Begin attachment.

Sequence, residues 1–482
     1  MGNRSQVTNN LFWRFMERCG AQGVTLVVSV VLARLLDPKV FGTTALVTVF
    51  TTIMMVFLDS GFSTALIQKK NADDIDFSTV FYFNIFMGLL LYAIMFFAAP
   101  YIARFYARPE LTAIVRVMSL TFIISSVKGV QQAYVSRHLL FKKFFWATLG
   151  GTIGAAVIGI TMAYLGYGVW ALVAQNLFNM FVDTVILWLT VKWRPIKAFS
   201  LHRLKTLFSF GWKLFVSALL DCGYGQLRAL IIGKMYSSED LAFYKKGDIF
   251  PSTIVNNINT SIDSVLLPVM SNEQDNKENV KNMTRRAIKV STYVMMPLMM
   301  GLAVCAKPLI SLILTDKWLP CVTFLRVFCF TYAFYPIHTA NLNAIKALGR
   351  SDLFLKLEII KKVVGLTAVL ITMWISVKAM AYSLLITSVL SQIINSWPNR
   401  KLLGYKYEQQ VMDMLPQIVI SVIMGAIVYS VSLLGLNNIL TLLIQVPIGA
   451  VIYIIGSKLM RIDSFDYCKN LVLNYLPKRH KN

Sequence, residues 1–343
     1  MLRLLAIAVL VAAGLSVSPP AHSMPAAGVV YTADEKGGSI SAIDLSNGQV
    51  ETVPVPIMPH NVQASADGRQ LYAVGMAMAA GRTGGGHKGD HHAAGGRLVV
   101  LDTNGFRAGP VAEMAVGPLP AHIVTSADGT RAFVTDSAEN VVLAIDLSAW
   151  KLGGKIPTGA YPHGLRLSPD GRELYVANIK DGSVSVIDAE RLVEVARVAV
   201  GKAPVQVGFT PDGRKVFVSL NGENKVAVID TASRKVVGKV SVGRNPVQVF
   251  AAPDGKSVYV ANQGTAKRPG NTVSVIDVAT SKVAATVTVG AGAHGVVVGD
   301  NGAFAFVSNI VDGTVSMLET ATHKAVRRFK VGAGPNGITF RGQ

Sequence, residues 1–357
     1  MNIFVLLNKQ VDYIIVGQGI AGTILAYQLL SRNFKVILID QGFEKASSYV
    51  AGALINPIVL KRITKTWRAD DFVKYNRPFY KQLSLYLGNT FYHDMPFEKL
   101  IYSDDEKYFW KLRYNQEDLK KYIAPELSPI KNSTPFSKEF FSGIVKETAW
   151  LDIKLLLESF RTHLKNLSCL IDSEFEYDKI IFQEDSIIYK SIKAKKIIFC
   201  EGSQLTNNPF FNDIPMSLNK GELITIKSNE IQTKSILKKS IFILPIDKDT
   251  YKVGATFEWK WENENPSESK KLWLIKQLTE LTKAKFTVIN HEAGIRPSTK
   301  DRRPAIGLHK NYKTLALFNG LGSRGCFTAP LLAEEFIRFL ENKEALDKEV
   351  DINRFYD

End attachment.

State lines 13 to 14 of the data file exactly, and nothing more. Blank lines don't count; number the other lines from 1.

     1  MLRLLAIAVL VAAGLSVSPP AHSMPAAGVV YTADEKGGSI SAIDLSNGQV
    51  ETVPVPIMPH NVQASADGRQ LYAVGMAMAA GRTGGGHKGD HHAAGGRLVV